Grandson of Coyotes co-owner chasing Olympic dream
FEB 05, 2014 5:55p ET
When William Dutton traces the genesis of his speed skating career, he remembers candy and a father's ingenuity.
"He drove me crazy as a little kid. I couldn't keep track of him because he was always running off somewhere," William's father, Craig Dutton, said. "I took him to the arena to watch his older sister skate when he was 2 and the only way to contain him was to put him on skates inside the boards. The problem was, he just stood there and cried.
"I had this Canadian candy, Smarties, which is just like M&Ms. I gave him one to stop him from crying and it worked. So it occurred to me that I could get him moving if I placed them in a row along the boards."
Twenty-two years later, William is chasing far greater rewards. Dutton who is the grandson of Coyotes co-owner W.R. "Bill" Dutton, earned on a spot on the Canadian Olympic team and will compete in the 500- and 1,000-meters races in Sochi, Russia, Feb. 10 and 12.
Dutton, 24, qualified in both events events by finishing third and fourth, respectively, in those events at Canada's Olympic trials in Calgary in December.
"I am obviously very happy but I am also there to accomplish something, so I will try not to get caught up in the magic of the games," William Dutton said. "I expect to be a contender and to surprise people."
Like many speed skaters, Dutton has overcome his share of injuries, including an Achilles injury, recurring back problems, a hard crash into the wall at his first World Cup race this season in Calgary in which he was taken off on a stretcher, and a nasty cut to his thigh and calf during a race that required 12 stitches, two weeks of healing and a cooling off period for his dad, who thought he had severed the femoral artery.
But the greater challenge for most Olympic athletes is the mental challenge. Training hours are long and grueling and most of their achievements are accomplished away from the spotlight. Dutton reached his make-or-break moment last year while battling back problems.
"I decided in March of 2013 that if I was going to make the Olympics I needed to make a change. I hadn't made much progress over the course of three years and felt as though my opportunity was slipping through my hands. I decided I needed to become more independent and take control of my own career, chase after my dream the way I thought best," said Dutton, who switched coaches and moved to Oslo, Norway to train with former Olympian Peter Mueller. "It was a big gamble to switch coaches and programs less then a year away from the Olympics but for me I would rather try and fail then avoid risk and miss the opportunity. The choice to switch also meant I would lose the support of the Canadian National team so I was really on my own."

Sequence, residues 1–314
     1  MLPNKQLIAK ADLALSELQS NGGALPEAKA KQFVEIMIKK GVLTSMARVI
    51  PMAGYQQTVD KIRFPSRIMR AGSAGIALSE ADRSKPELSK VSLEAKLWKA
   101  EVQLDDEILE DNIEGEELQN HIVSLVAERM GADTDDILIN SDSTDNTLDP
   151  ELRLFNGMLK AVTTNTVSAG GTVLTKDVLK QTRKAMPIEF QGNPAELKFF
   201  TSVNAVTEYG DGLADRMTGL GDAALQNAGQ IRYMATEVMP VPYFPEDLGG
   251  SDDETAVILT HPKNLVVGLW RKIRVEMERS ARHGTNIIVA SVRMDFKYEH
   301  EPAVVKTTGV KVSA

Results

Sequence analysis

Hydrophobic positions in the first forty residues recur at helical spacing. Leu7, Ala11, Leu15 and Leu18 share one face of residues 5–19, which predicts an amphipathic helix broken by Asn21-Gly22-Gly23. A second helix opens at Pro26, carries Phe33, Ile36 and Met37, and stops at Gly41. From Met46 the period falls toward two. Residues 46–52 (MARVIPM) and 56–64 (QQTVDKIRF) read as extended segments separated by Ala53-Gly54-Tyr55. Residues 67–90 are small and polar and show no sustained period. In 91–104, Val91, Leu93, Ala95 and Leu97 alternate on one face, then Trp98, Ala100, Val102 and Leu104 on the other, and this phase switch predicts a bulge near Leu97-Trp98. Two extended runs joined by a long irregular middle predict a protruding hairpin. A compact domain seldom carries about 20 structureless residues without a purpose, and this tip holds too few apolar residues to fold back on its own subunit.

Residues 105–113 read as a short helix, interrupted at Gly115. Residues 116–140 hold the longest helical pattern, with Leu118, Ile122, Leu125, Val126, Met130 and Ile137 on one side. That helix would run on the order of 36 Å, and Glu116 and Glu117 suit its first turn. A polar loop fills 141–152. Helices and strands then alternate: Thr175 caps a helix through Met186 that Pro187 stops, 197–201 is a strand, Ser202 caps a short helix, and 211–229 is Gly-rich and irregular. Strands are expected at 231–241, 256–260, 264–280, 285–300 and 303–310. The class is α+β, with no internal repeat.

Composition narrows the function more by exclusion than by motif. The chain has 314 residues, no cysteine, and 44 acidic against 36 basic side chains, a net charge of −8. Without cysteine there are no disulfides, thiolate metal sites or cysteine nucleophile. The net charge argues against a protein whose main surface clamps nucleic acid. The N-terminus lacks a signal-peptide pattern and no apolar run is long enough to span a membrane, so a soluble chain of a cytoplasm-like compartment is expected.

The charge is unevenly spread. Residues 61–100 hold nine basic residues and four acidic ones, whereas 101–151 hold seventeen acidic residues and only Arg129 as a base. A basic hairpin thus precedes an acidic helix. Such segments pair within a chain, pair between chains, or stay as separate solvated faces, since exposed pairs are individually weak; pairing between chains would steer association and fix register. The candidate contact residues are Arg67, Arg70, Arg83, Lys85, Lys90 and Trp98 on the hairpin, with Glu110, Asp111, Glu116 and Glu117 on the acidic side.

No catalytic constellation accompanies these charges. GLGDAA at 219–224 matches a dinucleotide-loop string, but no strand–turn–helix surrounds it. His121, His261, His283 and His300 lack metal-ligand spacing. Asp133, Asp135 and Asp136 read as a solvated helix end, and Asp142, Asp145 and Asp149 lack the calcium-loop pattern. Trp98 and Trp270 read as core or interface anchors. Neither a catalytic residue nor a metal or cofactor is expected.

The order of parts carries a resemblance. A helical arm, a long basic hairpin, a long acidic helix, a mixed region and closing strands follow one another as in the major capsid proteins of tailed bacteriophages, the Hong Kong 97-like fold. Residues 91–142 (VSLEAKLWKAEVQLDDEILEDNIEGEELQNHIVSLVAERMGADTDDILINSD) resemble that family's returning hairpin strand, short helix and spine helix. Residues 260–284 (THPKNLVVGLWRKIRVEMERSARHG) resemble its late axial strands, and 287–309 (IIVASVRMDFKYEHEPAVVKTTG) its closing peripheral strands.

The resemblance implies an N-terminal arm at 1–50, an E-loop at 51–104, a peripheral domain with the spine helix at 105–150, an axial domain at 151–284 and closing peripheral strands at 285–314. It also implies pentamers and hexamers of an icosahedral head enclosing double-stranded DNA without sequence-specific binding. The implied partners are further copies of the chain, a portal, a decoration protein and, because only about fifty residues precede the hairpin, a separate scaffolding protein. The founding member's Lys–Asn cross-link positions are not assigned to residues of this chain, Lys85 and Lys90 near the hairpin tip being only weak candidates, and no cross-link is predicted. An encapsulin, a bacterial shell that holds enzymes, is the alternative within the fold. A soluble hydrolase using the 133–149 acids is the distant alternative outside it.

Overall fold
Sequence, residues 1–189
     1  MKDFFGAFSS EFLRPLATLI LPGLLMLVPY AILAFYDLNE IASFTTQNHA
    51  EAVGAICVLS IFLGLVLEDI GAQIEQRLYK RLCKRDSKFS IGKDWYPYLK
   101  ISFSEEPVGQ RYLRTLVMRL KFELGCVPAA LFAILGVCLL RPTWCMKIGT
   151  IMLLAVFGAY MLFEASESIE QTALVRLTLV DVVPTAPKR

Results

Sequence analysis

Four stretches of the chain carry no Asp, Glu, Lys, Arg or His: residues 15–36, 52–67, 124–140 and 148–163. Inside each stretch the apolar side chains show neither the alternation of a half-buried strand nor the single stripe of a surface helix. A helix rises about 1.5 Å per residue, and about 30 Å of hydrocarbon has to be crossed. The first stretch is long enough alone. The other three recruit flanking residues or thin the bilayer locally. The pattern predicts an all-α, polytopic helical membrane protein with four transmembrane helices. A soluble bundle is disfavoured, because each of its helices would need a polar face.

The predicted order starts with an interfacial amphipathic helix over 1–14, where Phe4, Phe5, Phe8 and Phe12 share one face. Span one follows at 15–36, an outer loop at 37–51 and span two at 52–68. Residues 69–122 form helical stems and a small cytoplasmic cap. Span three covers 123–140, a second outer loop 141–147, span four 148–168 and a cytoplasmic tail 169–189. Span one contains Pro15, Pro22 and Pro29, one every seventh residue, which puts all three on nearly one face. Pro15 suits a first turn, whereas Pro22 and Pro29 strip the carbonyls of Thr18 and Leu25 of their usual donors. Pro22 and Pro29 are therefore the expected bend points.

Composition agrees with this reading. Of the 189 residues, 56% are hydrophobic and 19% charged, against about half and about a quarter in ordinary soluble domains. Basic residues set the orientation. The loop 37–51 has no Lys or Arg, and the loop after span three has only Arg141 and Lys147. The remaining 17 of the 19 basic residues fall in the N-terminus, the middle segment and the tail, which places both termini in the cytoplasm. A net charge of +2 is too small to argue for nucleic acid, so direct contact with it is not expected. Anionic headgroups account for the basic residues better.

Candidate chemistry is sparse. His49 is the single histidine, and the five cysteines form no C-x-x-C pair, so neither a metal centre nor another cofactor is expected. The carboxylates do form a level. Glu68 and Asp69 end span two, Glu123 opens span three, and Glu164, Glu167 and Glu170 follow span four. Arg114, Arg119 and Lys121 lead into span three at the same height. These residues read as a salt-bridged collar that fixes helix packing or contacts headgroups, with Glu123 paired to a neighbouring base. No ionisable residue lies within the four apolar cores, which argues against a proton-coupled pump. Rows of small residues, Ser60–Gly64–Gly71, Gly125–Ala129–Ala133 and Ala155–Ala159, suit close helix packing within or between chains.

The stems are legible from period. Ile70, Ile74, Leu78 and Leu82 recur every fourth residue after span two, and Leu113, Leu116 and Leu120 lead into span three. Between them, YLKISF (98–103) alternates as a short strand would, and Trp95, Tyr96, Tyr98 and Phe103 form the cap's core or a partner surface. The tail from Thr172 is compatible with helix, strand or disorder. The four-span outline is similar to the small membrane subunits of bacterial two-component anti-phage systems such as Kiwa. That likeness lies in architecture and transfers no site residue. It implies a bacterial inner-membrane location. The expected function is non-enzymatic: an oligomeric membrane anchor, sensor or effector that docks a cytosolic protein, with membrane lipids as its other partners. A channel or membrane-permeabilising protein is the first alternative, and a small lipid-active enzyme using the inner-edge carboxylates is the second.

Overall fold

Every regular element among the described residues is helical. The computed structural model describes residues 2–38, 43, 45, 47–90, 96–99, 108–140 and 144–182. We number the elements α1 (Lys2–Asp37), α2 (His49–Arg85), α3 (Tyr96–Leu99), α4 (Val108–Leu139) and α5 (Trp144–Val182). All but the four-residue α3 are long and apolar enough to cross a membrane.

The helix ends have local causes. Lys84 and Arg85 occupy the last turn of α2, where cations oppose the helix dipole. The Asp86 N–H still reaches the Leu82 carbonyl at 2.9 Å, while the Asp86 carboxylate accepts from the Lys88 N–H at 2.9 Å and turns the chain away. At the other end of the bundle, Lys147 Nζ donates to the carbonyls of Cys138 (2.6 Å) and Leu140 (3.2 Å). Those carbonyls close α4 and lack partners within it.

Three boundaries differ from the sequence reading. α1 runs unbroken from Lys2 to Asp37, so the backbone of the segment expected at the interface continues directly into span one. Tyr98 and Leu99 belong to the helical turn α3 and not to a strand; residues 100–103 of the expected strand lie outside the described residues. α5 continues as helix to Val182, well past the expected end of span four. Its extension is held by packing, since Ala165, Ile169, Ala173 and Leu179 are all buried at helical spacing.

Mueller was the first Olympic champion in the 1,000M when that distance was introduced at the 1976 Winter Olympics in Innsbruck, Austria. But he gained even greater notoriety by training some of the Olympics' greatest stars, including Bonnie Blair when she won two gold medals at the 1992 Winter Olympics, Dan Jansen when he won gold at the 1994 Winter Olympics, Marianne Timmer (two gold medals) and Jan Bos (silver) at the 1998 Winter Olympics, and Gianni Romme (silver, 2002).
"The first day of training seemed impossibly hard to me; I had never trained that hard in my life," Dutton said. "I was gasping for air and practically crying from the searing pain that filled my legs. I could barely bend down to pick up the food from my bottom cupboard.
"There was one specific day I remember, we trained for three hours in the morning, then had training in the afternoon. We maxed our bodies out after and hour then my coach said 'alright, now we work!' Turns out we had just warmed up for the three, maximum-effort, two-minute hill sprints."
As the months passed, Dutton felt himself getting stronger, both physically and mentally.
"I really started to believe in myself again," he said. "That's something Team CBA and my coach Peter Mueller helped me find again: Belief."
Dutton will have a large contingent of family and friends on hand in Sochi as he chases his Olympic dream and the records of his childhood idols, like 500M record holder, Jeremy Wotherspoon.
Dutton was born in Regina and subsequently lived in Estevan and Saskatoon before his family settled in Humboldt, Saskatchewan when he was 12. But he will also be representing his grandfather's new team, the Coyotes -- a team he adopted as a kid because he just liked their uniforms -- when he steps onto the oval. Per Olympic rules, Dutton won't be allowed to wear his Coyotes hat until after the race but he will have a Coyotes pin subtly placed on his uniform and he is contemplating other ways to honor his favorite NHL club.
"Maybe I can paint a coyote on my face or something as war paint for my race," he said.